Imagine living in a world where everybody has a superpower. Now imagine living in that world when you are the only one who doesn’t have one. Would you feel happy? Frustrated? Something else? A new comedy follows a young woman who is living that exact situation.
Opening Shot: A young woman sits down for a job interview, the skyline of London in the background.
The Gist: The interviewer, who happens to wear an eye patch, has a particular power: She can get people to tell the truth. Jen (Máiréad Tyers) can’t help but spew all sorts of unflattering things about herself, none of which fazes the interview. But when Jen is asked what her power is, she says that she doesn’t have one yet.
Jen lives in a world where everyone has some sort of superpower. Everyone, that is, but her. She was supposed to get the power after her 18th birthday, but she’s now 25 and it still hasn’t come. In this world, people use their superpowers for stupid, mundane reasons, like the guy who is able to throw a puddle of water onto Jen so a cab doesn’t drive through it and splash him.
Jen’s roommates have interesting powers: Carrie (Sofia Oxenham) channels dead people, which comes in handy when the solicitors she works for have to negotiate an estate dispute. “I’m an appliance,” she tells Jen when she realizes that’s the only reason why she’s there. Carrie’s boyfriend Kash (Bilal Hasna) can turn back time, at least by a few minutes, but he uses it to do things like making sure Jen doesn’t see him in a costume that says “SUPER COCK.” He wants to create a group of vigilantes instead of finding an actual job.
She sees the ads for a center that will help people who are stuck like her bring their powers out, but feels she’ll discover it any time now. But it’s frustrating that people feel bad for her, and that she has to date guys like the handsome dude who flies like Superman and the nerdy guy who can make make living beings orgasm with just his touch. She brings the second guy home, hoping that she can get off by even some incidental contact, but he insists on wearing a glove and seeing if he can make her come on his own. The next morning, the black cat she found outside her flat jumps on the bed, puts out a paw, and… well, there’s a reason why the flatmates decided to name him Jizzlord.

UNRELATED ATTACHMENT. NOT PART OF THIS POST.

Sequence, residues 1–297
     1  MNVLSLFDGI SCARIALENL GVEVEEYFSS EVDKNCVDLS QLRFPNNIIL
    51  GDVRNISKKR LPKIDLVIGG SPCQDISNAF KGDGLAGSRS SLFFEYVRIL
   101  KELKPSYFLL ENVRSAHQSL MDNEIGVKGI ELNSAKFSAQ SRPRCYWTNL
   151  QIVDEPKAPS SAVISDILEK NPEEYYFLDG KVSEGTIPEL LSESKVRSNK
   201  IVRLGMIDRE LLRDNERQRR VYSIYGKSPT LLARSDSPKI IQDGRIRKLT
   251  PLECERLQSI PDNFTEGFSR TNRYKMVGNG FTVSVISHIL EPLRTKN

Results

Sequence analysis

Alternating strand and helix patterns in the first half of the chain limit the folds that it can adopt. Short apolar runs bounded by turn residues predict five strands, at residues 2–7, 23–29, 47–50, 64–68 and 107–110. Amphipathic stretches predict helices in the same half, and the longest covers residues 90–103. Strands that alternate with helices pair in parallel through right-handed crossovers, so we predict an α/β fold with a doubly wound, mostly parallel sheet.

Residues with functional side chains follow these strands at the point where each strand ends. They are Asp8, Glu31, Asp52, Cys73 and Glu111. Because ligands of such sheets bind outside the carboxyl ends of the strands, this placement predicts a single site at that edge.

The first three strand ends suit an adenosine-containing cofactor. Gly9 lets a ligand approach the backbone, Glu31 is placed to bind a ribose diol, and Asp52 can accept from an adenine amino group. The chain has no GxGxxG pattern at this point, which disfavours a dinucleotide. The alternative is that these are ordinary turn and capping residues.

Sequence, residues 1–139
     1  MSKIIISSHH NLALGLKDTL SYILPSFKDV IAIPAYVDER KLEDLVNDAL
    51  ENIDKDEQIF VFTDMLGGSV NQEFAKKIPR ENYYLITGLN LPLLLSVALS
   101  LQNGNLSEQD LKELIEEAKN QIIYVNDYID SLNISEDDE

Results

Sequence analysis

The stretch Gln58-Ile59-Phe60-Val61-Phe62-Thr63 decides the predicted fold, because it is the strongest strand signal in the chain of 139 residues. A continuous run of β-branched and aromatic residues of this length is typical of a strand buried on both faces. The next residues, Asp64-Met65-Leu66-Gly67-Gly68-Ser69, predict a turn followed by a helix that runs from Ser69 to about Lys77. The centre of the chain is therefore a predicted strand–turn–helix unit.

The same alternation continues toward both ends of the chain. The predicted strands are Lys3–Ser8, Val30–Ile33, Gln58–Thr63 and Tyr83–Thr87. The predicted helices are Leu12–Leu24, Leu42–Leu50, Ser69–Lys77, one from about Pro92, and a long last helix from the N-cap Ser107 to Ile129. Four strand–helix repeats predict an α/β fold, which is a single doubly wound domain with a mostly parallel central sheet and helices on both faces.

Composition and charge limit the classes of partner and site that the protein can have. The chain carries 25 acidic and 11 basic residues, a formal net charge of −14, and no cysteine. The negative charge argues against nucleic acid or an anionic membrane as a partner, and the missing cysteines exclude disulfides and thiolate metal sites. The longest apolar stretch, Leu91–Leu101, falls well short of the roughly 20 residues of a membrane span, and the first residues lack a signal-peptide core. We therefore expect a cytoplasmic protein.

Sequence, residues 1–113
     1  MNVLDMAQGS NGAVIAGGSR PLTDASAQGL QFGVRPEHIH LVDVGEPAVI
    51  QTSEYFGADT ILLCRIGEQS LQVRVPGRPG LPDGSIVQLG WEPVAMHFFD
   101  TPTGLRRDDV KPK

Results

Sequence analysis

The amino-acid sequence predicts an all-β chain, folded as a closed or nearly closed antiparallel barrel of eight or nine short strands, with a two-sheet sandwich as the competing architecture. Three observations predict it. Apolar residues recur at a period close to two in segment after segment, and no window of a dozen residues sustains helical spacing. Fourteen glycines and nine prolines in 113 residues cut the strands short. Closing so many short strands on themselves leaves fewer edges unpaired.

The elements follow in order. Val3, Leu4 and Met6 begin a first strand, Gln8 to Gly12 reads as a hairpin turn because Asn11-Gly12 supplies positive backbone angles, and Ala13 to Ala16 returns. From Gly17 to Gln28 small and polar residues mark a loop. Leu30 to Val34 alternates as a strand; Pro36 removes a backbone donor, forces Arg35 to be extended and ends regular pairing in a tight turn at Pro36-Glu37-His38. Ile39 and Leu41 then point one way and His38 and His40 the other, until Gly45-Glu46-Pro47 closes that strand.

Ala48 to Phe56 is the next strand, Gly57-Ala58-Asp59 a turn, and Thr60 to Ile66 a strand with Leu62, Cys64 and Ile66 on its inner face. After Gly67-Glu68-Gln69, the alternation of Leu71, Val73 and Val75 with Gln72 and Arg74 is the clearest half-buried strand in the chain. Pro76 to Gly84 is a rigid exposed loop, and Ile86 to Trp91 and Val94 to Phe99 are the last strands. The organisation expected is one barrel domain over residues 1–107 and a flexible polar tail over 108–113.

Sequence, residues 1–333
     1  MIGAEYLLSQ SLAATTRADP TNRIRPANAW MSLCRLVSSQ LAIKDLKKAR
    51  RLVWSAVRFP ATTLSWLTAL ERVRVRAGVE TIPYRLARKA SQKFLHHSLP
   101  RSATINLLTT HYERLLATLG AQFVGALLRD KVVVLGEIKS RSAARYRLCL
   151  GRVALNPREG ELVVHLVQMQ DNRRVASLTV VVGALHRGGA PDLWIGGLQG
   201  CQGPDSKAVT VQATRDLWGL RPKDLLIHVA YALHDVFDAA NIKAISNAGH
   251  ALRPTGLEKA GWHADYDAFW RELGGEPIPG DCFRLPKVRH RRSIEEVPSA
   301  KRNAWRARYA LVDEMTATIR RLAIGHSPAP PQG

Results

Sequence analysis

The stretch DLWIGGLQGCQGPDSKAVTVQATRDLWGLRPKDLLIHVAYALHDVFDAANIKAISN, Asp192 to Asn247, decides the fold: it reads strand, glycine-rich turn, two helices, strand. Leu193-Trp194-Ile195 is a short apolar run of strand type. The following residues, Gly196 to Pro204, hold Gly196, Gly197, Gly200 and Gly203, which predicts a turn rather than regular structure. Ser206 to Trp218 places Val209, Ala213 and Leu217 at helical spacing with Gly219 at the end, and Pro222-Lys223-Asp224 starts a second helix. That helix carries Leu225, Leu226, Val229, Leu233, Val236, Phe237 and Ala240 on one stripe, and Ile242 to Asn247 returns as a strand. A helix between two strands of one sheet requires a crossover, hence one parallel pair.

Jen goes to the 18th birthday party of her overachieving half-sister Andy (Safia Oakley-Green). Almost as soon as she blows out the candles the minute she turns 18, she tears the door off the refrigerator, showing newfound super strength. This is when Jen decides to try to dig her power out of wherever it’s hiding.
What Shows Will It Remind You Of? The tone of Extraordinary reminds us of The Boys, but the story is more akin to another Hulu series, Shrill.
Our Take: Created by Emma Moran, Extraordinary has big laughs because it exists in a world where having superpowers isn’t a big deal. So, when Jen walks down the street and doesn’t even take a second look at all the people using their powers around her, we’ve already set up a story that has a different vibe than most superhero shows we’ve seen.
Will the gag that people use these superpowers for mundane and often selfish reasons get old? Maybe. But the fact that Jen doesn’t have powers, wants them, and is desperate enough to do whatever she needs to do to unearth them, will drive the series. Tyers is funny as the adrift Jen, looking with exasperation at everyone else’s powers, getting encouragement on the phone from her father (more on that in a moment), or being completely contemptuous of her suck-up half-sister. It’s that frustration which will inform the series as it goes along.
But the superhero moments are also pretty funny, like when Carrie channels Hitler so that they can torture him and make Jen feel better, or Jizzlord transforming into a dude (Luke Rollason) and then back again, seemingly unable to figure out how to control when and where he does it. Also, the powers that are shown seem to be limitless, but doesn’t make the people who have them powerful: Jen’s mom Mary (Siobhán McSweeney) is able to control electronics but has no idea how to use any of them, and her stepdad Ian (Robbie Gee) is an empath whose accurate guesses on people’s emotions are more annoying than anything else.
We also appreciate that Jen isn’t buying the whole “your power is being you” BS. That’s more appropriate for a kids’ film like Encanto; in the “real life” of Extraordinary, Jen is allowed to be angry and bitter about it. It’s a whole lot more entertaining, anyway.
Sex and Skin: Does a cat having an orgasm count?
Parting Shot: After finding out how much it costs to have her powers found by the wellness organization, Jen says, “Yeah, we’re gonna DIY this thing.” Then we see a mid-credits scene of Jizzlord changing into a human man as Jen sleeps. “Oh, no…” he says before he changes back.
Sleeper Star: Yes, we want to see a lot of Luke Rollason as the human version of Jizzlord. And, yes, we love typing the word “Jizzlord.”
Most Pilot-y Line: We did guess exactly who Jen is talking to when she talks to her dad on the phone before we saw the scene that explains it. But, despite how not surprising it was it was still a sweet scene.
Our Call: STREAM IT. The first episode of Extraordinary sets up a pretty funny premise; we just hope that the joke that everyone in the world has powers except Jen doesn’t quickly wear out when the novelty of it does.
Joel Keller (@joelkeller) writes about food, entertainment, parenting and tech, but he doesn’t kid himself: he’s a TV junkie. His writing has appeared in the New York Times, Slate, Salon, RollingStone.com, VanityFair.com, Fast Company and elsewhere.
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